A cloud of debris from an exploded star contains large amounts of oxygen (shown in green). Most of the oxygen we breathe came from such debris, which was incorporated into the newly forming Sun and Earth. The heavy stars that explode as supernovae produce many chemical elements during their lives, then produce even heavier elements during the explosion. This supernova remnant, known as N132D, is about 160,000 light-years away in the Large Magellanic Cloud, a companion galaxy to the Milky Way. This X-ray image, snapped by Chandra X-Ray Observatory, shows the expanding clouds of debris as it appeared about 3,000 years after the star exploded. [NASA/CXC/NCSU/K.J.Borkowski et al.]
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Oxygen is one of the most essential elements on Earth. It makes up about one-fifth of the mass of the atmosphere, nine-tenths of the mass of water, and two-thirds of the mass of the human body. It’s a by-product of plant life, and a necessity for animal life. And we use it for everything from medical treatments to rocket propellant.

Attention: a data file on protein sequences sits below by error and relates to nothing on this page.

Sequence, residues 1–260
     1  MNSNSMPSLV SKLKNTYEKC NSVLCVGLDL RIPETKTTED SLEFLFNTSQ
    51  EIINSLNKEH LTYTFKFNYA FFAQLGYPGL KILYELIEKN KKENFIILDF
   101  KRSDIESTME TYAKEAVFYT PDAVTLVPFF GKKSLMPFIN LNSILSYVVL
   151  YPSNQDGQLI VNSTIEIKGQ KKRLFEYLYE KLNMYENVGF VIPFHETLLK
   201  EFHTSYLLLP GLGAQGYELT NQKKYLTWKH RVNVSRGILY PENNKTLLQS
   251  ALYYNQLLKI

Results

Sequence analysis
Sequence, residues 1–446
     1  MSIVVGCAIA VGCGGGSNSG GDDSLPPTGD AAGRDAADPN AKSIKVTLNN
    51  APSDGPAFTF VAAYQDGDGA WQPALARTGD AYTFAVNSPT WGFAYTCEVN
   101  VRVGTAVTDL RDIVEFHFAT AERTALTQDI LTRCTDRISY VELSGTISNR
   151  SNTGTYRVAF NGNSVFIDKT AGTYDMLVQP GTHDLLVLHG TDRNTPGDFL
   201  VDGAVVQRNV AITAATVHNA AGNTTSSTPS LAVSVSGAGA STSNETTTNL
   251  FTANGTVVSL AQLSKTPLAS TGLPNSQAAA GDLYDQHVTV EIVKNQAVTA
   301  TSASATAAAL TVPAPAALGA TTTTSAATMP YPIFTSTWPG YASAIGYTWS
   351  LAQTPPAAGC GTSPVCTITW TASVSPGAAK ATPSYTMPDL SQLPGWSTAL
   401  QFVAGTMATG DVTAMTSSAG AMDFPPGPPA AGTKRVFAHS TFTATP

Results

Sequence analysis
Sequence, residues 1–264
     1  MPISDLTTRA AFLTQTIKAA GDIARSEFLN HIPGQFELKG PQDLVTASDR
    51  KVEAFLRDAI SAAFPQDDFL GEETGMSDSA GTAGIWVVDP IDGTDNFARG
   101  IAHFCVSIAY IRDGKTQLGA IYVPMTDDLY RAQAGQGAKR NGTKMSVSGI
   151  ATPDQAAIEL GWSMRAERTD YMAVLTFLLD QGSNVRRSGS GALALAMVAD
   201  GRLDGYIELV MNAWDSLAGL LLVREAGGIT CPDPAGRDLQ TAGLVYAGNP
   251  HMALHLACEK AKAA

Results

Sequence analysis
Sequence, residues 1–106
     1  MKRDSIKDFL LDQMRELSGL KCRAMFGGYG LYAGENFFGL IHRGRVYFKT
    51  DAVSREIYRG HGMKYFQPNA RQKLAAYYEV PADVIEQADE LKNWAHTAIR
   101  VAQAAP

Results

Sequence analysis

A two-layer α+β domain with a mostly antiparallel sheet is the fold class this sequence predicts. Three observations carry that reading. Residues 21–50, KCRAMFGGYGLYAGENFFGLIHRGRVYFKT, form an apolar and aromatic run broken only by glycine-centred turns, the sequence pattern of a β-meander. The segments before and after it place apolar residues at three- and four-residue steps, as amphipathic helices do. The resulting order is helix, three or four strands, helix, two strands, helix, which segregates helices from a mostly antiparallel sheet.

All of the oxygen atoms on Earth — and throughout the universe, for that matter — were made by stars.
When a star is born, it’s made mainly of hydrogen, the simplest chemical element, which was forged in the Big Bang. For most of its life, the star fuses the hydrogen in its core to make helium. At the end of its life, a star as massive as the Sun or heavier fuses the helium to make heavier elements. A star like the Sun makes carbon and oxygen. Heavier stars make even more elements — all the way up to iron.
Over the 14-billion-year history of the universe, stars have made more oxygen than any other element. Today, it accounts for about one percent of all the atoms in the universe.
When a star dies, it expels much of its gas into space. Stars like the Sun do so in a fairly gentle process, creating beautiful clouds that eventually dissipate. More massive stars do it more explosively, blasting out debris at a few percent of the speed of light. This mixture of elements can then be incorporated into new stars and planets — and, at least in the case of our own Earth, into living organisms as well.
Script by Damond Benningfield